Sunday 17 December 2017

Government 'can't stop mortgage hikes'

People who have standard variable rate mortgages, where the interest rate can change at any time, have been hit with up to three hikes in mortgage rates by all the leading lenders. Photo: Getty Images
People who have standard variable rate mortgages, where the interest rate can change at any time, have been hit with up to three hikes in mortgage rates by all the leading lenders. Photo: Getty Images

Charlie Weston Personal Finance Editor

THE Government admitted yesterday that it is powerless to stop banks and building societies "fleecing" mortgage customers.

The Department of Finance insisted that it had no control over lenders when it comes to setting mortgage rates.

This is despite the fact that taxpayers' money has been poured into AIB, Bank of Ireland, Irish Nationwide and EBS.

All the Irish lenders have also benefited from a blanket state guarantee covering their borrowings and customer deposits.

A spokeswoman for the department said it did not get involved in the day-to-day running of banks and building societies.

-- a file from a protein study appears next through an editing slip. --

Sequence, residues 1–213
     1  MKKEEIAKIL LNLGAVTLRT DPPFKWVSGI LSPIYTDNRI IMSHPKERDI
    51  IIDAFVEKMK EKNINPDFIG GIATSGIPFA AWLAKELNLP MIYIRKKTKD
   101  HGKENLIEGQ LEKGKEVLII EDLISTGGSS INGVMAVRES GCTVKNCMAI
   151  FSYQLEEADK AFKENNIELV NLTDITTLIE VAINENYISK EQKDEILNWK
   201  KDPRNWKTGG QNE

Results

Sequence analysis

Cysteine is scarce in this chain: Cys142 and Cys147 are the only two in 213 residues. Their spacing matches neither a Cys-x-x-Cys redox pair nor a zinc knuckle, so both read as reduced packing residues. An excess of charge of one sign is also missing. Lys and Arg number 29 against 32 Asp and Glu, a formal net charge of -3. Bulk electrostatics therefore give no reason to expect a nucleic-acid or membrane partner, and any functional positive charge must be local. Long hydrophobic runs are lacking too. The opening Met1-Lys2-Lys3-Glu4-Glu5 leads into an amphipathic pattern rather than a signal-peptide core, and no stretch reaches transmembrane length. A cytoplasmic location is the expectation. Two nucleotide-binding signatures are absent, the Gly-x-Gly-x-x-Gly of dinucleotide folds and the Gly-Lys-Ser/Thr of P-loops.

People who have standard variable rate mortgages, where the interest rate can change at any time, have been hit with up to three hikes in mortgage rates by all the leading lenders.

Now, a group that monitors the activities of the Financial Regulator has said homeowners were being "mercilessly fleeced" so that banks could rebuild their balance sheets.

The Consumer Consultative Panel said householders who do not have a tracker mortgage were being singled out.

Rates

The panel said Irish consumers were being forced to pay higher rates than before the economic crisis hit -- while consumers in other countries were enjoying historically low interest rates.

It said mortgage holders who do not have a tracker rate were being treated as "second-class citizens" by being forced to pick up a disproportionate share of bank rescue costs.

It added that vulnerable consumers must be protected from the possibility of banks working together to set charges.

However, a spokesman for the Irish Banking Federation insisted that mortgage rates in this country were low compared with other EU countries.

The spokesman added that the average mortgage rate here was 3pc, the fifth cheapest of the 15 eurozone countries.

A spokeswoman for the Financial Regulator said it did not have the power to force institutions to pass on interest rate cuts or to prohibit interest rate increases.

Irish Independent

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